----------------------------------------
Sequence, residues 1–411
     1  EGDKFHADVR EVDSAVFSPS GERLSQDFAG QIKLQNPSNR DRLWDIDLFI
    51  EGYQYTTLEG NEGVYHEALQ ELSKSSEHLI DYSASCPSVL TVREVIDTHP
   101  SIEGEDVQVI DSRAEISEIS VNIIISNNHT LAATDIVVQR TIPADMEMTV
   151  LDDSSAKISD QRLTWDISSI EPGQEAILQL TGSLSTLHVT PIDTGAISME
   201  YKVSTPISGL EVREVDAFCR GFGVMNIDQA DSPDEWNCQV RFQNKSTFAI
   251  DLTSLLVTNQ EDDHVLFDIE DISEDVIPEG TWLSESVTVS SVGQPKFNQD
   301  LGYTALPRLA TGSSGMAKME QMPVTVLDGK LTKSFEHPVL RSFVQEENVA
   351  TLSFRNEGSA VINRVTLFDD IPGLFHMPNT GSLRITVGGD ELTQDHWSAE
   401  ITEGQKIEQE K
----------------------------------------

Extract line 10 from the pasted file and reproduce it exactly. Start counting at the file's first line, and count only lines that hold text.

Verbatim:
   401  ITEGQKIEQE K